Hours after the application, I snapped this shot to share with a friend who was convinced I was going to look like Jennifer Lopez circa 1993. As you can see my eyebrow remains intact -- there is no hair removal involved in this process (although Tess did do a quick brow shaping beforehand to give herself a clean shape to follow).
Morning After 7 of 13
No makeup except my permanent makeup, just one day post-application. (And also eyelash extensions. Because I can go on about those for days, too.)
Day Three 8 of 13
Three days post-application my eyebrows were starting to settle in.
Day Four 9 of 13
On the fourth day they were still darker than I was hoping.
Day Five 10 of 13
On the fifth day, I awoke to the eyebrows of my dreams. And no more crusty stuff.
One Week 11 of 13
Celebrity Skin 12 of 13
Megan Fox and Jennifer Aniston are just two celebrities micropigmentation experts cite as having the consistently perfect brows associated with Semi-Permanent Makeup.
Images via iStockPhoto
Emboldened by Facial Tattoos 13 of 13
With my new eyebrows keeping me from feeling washed out, I finally went for it and colored my hair lilac on healing day eight.
As you can see from the slideshow, it took about a week for my eyebrows to fully heal, the redness subsided the day after application, and the light scab that forms under your brow hair is gone after about five days. During that time the worst thing I had to suffer was a little bit of brow itch. In the end, I couldn’t be happier with my new and improved brows. Waxing is a total thing of the past — I tweeze strays along the ink line and if I mess up, no one is any the wiser because I’ve already got color underneath.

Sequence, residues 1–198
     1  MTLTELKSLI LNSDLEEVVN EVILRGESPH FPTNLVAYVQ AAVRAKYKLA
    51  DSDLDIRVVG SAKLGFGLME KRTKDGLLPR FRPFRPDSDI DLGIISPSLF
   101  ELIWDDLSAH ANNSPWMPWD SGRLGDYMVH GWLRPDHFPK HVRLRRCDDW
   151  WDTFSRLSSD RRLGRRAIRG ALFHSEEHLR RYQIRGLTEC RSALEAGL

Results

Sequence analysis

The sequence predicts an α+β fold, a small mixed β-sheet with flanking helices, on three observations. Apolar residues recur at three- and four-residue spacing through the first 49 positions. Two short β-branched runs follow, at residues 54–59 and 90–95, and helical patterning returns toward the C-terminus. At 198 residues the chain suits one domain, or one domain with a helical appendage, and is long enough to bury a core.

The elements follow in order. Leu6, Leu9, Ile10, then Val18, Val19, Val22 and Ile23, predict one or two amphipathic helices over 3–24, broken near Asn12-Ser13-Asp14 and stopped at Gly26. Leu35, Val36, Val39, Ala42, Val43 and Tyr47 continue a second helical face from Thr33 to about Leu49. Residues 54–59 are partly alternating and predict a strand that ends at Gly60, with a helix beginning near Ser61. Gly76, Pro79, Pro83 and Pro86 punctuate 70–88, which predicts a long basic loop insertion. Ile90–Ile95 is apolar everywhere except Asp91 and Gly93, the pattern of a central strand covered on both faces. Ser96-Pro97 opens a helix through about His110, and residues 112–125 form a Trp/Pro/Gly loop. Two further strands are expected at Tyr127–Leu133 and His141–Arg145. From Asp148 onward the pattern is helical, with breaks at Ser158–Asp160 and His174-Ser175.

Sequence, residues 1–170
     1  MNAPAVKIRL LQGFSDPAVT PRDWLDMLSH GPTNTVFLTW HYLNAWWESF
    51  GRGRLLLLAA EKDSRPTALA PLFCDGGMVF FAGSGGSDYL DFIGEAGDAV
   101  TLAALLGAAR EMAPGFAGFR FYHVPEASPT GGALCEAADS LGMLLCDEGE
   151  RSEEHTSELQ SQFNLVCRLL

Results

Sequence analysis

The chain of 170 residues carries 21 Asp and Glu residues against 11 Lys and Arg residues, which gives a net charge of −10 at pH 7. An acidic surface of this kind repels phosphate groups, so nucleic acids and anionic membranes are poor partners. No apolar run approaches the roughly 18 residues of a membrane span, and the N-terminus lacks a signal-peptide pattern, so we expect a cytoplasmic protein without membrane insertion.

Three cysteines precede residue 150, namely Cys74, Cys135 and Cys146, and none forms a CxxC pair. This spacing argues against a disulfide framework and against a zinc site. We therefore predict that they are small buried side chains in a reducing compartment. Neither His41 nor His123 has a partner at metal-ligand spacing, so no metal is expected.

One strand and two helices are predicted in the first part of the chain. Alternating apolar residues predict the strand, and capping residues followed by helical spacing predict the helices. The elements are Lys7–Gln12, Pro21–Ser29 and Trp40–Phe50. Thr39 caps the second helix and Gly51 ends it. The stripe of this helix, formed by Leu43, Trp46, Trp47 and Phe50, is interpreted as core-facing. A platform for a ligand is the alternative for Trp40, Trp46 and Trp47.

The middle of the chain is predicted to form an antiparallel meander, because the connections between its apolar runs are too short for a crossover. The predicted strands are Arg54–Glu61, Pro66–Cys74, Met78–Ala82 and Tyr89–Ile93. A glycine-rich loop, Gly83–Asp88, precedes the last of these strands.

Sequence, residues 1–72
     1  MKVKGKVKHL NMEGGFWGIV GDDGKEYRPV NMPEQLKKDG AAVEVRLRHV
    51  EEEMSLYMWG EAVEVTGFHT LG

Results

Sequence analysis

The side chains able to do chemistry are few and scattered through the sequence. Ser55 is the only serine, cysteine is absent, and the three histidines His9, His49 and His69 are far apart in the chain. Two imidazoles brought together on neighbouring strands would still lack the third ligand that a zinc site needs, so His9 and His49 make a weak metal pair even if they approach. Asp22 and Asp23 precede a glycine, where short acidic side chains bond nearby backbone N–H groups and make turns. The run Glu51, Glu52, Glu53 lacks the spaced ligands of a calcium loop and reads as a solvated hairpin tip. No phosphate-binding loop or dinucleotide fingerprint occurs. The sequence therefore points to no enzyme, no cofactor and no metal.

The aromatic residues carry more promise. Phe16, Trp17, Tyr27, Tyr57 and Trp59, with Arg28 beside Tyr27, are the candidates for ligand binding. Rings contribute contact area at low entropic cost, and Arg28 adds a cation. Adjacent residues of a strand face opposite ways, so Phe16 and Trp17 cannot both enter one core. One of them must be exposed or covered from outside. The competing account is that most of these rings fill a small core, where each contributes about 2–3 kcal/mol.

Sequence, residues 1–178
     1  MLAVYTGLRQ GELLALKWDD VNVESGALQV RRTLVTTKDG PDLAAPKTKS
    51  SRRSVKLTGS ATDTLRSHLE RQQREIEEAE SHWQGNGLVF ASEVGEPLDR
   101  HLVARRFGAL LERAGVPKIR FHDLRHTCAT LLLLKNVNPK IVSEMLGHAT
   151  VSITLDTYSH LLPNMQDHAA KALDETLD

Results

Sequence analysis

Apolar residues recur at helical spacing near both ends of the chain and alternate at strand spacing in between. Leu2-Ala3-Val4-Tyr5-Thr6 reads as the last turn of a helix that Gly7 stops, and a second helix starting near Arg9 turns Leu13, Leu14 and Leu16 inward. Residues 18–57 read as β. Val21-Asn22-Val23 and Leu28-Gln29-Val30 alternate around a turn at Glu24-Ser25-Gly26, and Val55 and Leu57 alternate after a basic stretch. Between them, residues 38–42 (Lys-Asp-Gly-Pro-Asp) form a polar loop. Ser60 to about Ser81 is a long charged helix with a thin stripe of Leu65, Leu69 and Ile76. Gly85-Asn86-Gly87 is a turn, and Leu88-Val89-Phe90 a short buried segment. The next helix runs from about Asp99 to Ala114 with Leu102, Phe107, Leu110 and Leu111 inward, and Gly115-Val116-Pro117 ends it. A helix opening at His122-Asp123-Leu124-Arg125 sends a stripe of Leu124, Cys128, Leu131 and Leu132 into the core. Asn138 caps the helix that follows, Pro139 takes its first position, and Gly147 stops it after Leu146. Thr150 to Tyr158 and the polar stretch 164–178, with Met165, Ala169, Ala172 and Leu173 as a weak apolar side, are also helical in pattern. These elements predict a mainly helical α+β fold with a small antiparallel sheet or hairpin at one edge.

Some other questions I’ve been asked about my permanent face?
Q: Is it really a facial tattoo?
A: Yes and no. It doesn’t go as deep as a traditional tattoo, and the organic pigments used fade out over time.
Q: Did it hurt?
A: Yes. I mean, I’d do it again in a heartbeat, but y’know— it didn’t feel like bunny kisses. On a scale of one to a regular tattoo, I’d say it hurt a little more than a regular tattoo, but took a lot less time.
Q: So, do they use a tattoo gun on your face?
A: While internet research yielded a few reviews from people whose specialists had used traditional tattoo guns or something similar, my permanent makeup was applied with a tapping technique similar to the Tebori method often used in Japan.
Q: How long does it take?
A: From start to finish my brows took under an hour. Probably about 30-40 minutes. When I had my liner done more recently it was even shorter—about 15-20 minutes.
Q: Do you need touch ups?
A: It’s normal after the first application for some spots not to take the pigment quite as well as others. Most cosmetologists recommend a follow-up visit to touch up after a month.
Q: What happens when it starts to fade?
A: Nothing. After 3-5 years it will start to lighten evenly. Either you put makeup over it, or you don’t, but it doesn’t look offensive.
Q: What if you don’t want to wear makeup?
A: Then you probably shouldn’t get micropigmentation done. ; )
Any other questions you’d like answered about Permanent Makeup? Leave them in the comments!